Traditions and Stories

Traditions and Stories: From business to Bouche de Noel

The model we most often use to describe culture in organisations, which nicely demonstrates its complexity (and its resistance to being changed) is Johnson and Scholes’ Cultural Web. It describes the various elements of the organisation that support its central ‘way of being’ (i.e. the culture).

As well as the visible and easier-to-measure elements such as the organisational and power structures and the control systems (is the business very hierarchical? What are the reporting lines and reward/recognition processes?), its culture is also dependent on rituals, stories and symbols.

These are the traditions of the organisation – passed down between workers and often not written down, yet no less crucial to the experience of working for (or being served by) the company.

Traditions are core to our national culture too – especially at Christmas. The rituals and symbols we have in our home countries feel familiar and are so engrained, it can be hard to imagine people ‘doing Christmas any other way’. As a Brit, I would recognise chocolate advent calendars; Christmas lights in town centres turned on in November by (minor) celebrities; leaving out a glass of sherry and a mince pie for Father Christmas (and a carrot for Rudolf) on Christmas Eve; eating far too much turkey, stuffing and roasties; bad cracker jokes and silly paper hats; the Queen’s Speech (watched half asleep while pawing at a box of Quality Street)…I could go on.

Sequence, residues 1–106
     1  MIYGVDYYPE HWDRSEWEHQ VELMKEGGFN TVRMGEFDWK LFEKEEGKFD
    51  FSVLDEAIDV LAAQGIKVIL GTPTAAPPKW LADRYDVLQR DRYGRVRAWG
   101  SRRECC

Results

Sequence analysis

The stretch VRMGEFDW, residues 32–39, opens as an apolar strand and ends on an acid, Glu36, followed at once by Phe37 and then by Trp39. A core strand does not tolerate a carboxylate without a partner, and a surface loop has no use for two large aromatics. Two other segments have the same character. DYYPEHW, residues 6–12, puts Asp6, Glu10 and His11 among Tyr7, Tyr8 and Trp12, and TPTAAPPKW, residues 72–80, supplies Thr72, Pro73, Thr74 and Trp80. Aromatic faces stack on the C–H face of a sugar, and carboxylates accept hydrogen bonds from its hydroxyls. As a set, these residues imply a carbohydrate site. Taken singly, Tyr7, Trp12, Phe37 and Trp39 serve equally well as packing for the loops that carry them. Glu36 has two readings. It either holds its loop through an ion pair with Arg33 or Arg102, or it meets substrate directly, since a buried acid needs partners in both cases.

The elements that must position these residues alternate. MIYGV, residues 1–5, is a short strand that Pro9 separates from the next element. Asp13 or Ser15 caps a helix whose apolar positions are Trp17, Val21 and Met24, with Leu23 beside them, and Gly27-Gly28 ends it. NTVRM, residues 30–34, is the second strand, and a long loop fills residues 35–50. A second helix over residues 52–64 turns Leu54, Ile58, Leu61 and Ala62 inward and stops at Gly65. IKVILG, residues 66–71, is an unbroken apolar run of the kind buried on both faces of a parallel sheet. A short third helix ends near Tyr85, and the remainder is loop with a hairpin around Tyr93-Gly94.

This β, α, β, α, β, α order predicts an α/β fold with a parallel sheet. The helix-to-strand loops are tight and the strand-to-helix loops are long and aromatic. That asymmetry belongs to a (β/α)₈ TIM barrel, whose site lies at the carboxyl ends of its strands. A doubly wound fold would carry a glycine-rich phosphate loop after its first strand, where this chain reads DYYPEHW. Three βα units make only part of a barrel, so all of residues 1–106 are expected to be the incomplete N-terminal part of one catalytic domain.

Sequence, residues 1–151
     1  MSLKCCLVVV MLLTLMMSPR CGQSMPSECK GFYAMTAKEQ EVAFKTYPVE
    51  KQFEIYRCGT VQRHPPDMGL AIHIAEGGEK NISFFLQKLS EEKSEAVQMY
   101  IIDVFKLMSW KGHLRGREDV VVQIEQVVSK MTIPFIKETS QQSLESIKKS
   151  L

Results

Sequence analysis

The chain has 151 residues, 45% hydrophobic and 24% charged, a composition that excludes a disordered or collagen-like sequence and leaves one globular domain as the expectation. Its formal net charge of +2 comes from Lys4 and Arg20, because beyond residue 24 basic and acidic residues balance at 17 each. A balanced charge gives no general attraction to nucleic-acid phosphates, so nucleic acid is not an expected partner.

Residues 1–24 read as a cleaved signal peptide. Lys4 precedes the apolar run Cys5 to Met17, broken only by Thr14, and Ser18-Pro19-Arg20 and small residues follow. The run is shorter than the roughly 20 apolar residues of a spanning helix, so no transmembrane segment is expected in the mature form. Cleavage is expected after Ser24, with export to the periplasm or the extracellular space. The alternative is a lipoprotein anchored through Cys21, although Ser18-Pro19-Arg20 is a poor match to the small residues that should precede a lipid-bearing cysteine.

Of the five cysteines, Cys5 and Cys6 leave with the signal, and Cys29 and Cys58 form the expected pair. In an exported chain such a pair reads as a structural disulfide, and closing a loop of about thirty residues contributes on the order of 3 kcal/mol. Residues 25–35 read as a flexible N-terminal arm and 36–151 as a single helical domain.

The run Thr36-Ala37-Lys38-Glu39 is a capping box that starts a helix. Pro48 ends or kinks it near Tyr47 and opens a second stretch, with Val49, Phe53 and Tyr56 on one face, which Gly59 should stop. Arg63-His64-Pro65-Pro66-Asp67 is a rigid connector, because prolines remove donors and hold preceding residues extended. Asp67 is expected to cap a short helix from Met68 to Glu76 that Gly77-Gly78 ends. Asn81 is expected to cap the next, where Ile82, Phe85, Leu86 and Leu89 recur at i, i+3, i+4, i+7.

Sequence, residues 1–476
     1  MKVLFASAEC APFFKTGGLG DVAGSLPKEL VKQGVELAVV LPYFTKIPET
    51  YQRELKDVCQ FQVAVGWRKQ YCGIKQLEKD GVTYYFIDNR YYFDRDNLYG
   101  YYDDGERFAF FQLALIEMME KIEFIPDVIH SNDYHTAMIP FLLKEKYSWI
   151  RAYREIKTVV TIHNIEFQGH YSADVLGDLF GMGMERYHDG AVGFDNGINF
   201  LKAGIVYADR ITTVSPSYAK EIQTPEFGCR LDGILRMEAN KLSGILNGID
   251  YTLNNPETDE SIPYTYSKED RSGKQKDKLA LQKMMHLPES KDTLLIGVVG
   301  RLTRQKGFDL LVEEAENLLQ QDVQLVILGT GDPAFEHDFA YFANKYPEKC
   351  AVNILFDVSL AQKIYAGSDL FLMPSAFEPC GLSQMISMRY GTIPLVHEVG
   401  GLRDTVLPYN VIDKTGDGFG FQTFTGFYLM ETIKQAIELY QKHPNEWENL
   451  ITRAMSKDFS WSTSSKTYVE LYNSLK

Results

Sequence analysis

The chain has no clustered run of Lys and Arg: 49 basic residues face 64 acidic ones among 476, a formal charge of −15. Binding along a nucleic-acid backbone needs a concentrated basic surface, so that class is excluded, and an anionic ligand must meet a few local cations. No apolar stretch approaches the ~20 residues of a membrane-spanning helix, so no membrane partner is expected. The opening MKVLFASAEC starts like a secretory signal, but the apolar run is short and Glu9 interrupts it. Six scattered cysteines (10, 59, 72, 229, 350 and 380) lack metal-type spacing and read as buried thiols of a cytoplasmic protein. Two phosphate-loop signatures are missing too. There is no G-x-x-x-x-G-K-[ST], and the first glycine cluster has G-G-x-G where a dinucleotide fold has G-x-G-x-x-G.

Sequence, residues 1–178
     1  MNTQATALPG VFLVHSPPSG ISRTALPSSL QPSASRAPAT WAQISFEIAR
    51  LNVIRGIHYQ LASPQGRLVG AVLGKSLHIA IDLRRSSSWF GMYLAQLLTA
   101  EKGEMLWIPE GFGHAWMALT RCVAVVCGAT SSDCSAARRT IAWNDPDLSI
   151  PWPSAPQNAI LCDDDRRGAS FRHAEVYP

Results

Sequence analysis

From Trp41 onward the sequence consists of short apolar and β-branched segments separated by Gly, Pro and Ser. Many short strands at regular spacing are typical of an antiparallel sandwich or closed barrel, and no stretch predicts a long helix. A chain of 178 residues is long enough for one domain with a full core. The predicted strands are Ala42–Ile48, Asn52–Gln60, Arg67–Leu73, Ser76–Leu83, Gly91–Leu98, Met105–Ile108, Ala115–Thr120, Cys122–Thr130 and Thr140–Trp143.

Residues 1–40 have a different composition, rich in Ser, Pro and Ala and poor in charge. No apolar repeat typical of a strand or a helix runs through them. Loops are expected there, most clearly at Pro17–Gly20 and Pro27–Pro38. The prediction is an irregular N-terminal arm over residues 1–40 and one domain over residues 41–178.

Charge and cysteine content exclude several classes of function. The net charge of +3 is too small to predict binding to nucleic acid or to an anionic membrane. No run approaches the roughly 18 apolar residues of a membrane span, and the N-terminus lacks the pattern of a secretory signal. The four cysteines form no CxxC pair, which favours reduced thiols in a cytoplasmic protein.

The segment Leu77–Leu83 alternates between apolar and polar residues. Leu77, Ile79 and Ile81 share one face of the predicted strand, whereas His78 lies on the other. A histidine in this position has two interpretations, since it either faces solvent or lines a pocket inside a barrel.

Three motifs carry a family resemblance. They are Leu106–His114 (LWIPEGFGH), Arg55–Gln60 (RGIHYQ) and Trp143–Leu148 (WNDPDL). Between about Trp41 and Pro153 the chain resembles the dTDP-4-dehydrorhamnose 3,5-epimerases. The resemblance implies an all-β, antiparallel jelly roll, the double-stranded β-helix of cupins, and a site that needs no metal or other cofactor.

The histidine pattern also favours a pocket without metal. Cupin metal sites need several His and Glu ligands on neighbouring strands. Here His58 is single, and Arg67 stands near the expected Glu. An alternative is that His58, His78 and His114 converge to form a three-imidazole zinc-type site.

But in other cultures I might fast from 1st December until Christmas Day and sing psalms over a bonfire of thorn bushes (Iraqi Christians); wait for presents from El Niño Jesus (Venezuela) or the Yule Lads (Iceland), but hope I’m not visited by the Krampus (Austria); tuck into a julbord of Christmas ham, pickled herring and rice pudding (Sweden); or even celebrate the Nativity on January 6th, recalling traditions dating back beyond the fourth century (Armenia).

As you think about Christmas and the traditions your family, your town and your country have, ask yourself about where you work – what are your rituals? What stories do you tell about yourselves; and are these all serving your vision for the business as you look into 2018 and beyond?

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